Christopher Richard Wynne Nevinson A.R.A. (British, 1889-1946) Now Back the Bayonets Lithographic poster, printed in red, black and yellow, on thin wove, printed by Dangerfield Printing Co. Ltd, London, 750 x 480mm (29 1/2 x 18 7/8in)(SH)
Christopher Richard Wynne Nevinson A.R.A. (British, 1889-1946)
Now Back the Bayonets Lithographic poster, printed in red, black and yellow, on thin wove, printed by Dangerfield Printing Co. Ltd, London, 750 x 480mm (29 1/2 x 18 7/8in)(SH)
C W R Nevinson was one of a number of artists to whom, at the beginning of the 20th Century, the poster offered attractive possibilities. In the main, these devolved from the poster's characteristics of simplification and mass-production. Thereby, the poster offered artists the opportunity to engage with audiences beyond the complacent environs of gallery, museum and salon. Nevinson and his contemporaries, Edward McKnight Kauffer and Edward Wadsworth each made significant contributions to poster art at this time.
Nevinson first produced his bayonet design for the poster for his own show of paintings at the Leicester Galleries, March, 1918, entitled "War", illustrated in Edward Bayes's "The Underworld: Taking cover in a Tube Station during a London air raid" in the Imperial War Museum collection. He then offered the design to the War Savings Committee for use in promoting the raising of funds.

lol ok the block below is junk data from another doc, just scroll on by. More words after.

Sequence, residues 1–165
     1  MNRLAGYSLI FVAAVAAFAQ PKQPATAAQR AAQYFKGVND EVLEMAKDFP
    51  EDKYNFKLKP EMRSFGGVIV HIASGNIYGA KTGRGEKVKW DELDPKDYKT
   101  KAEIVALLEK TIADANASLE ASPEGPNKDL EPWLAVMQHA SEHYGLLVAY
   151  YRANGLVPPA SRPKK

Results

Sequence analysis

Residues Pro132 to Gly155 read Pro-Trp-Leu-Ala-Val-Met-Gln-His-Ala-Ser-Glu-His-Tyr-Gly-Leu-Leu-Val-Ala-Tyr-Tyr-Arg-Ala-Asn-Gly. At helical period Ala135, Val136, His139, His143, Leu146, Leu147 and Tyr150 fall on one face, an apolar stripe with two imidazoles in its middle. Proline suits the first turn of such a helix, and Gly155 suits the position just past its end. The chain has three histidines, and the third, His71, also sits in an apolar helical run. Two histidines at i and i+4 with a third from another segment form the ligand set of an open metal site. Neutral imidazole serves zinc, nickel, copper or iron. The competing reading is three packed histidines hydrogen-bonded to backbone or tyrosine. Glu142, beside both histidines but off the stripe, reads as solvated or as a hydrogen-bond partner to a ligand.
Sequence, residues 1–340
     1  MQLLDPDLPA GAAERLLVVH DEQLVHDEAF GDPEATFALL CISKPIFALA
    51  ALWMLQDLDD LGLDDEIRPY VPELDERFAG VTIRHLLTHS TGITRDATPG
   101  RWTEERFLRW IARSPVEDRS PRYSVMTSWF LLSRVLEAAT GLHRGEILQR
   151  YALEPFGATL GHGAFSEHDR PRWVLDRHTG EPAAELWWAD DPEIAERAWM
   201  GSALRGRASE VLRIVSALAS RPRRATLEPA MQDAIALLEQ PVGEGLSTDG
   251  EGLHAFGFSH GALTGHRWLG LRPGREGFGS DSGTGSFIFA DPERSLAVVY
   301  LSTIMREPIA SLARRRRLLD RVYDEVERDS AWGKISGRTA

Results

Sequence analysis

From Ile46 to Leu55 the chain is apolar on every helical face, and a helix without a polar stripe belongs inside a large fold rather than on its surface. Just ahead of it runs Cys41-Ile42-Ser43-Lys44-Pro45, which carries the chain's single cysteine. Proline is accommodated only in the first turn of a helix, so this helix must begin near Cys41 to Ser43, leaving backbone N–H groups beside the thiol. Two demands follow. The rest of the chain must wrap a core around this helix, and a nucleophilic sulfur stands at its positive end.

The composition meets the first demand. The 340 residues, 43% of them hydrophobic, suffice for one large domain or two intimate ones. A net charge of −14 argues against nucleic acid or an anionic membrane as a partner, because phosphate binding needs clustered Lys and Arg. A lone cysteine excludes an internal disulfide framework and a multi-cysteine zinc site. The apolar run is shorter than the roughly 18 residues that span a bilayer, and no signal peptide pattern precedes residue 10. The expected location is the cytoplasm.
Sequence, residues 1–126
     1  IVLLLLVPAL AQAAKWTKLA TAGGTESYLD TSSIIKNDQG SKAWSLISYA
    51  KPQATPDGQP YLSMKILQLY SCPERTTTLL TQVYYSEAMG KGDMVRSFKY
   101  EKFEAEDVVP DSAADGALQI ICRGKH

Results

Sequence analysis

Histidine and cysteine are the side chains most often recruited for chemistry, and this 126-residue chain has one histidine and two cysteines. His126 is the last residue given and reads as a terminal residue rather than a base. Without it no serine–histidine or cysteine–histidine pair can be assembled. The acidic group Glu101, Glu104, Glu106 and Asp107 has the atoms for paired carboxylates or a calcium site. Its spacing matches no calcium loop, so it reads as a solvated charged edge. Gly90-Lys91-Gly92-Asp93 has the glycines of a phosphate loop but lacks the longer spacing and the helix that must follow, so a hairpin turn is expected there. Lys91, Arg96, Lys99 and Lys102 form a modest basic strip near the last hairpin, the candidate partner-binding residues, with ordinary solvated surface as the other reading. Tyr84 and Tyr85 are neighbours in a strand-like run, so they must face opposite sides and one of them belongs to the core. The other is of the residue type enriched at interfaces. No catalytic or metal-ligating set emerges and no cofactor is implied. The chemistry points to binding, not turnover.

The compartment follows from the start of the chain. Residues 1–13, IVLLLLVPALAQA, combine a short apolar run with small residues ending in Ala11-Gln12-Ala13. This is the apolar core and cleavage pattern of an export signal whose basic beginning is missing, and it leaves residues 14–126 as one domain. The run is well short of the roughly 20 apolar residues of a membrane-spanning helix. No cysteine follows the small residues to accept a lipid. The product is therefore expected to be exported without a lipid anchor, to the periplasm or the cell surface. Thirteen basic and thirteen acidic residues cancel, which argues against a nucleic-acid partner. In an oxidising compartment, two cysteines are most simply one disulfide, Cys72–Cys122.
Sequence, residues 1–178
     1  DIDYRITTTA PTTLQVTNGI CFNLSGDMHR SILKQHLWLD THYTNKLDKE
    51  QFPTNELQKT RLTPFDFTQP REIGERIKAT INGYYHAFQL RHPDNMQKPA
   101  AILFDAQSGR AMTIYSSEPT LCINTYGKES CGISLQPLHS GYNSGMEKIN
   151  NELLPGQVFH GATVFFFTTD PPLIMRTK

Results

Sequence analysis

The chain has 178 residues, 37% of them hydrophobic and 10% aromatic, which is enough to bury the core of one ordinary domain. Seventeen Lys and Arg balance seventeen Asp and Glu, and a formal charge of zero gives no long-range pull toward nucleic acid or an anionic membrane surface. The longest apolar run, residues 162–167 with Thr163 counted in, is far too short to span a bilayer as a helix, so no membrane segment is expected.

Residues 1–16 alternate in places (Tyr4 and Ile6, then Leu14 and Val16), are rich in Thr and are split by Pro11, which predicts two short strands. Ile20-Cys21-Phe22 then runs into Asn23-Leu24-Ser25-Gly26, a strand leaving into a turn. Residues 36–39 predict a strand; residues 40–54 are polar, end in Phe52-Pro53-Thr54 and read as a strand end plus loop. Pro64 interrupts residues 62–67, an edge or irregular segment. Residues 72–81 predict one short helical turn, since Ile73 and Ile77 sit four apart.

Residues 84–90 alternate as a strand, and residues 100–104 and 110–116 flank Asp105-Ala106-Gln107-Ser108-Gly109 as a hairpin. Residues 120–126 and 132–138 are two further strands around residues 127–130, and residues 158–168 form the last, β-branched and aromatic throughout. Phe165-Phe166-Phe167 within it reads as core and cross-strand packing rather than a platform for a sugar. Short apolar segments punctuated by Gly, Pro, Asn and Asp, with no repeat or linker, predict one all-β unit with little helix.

The design is remarkable for a number of reasons; the variant colourways of each poster combining to catch the eye, particularly in the second example as offered here for sale, with the use of red, orange and black. Image and text are successfully integrated through the elaboration of an appropriately cubist letterform, whose spikey design echoes the raised bayonets, rendered with mathematical precision.
Furthermore, Nevinson's design exemplifies the optical disturbance associated with "dazzle" effects, those made possible by combining the geometric experimentation of cubism with the simplifications of the Japanese woodcut of the Ukiyo-e (floating world). In poster terms, dazzle effects were deployed to attract the eye against an increasingly hectic background of metropolitan spectacular. Large-scale dazzle effects were famously used by Norman Wilkinson and colleagues to camouflage shipping.
The cultural significance of Nevinson's poster cannot be overstated. Looking back over the artistic experimentation of the 20th century, the consistent recurrence of dazzle and strobe effects points to the power of this design as a major breakthrough.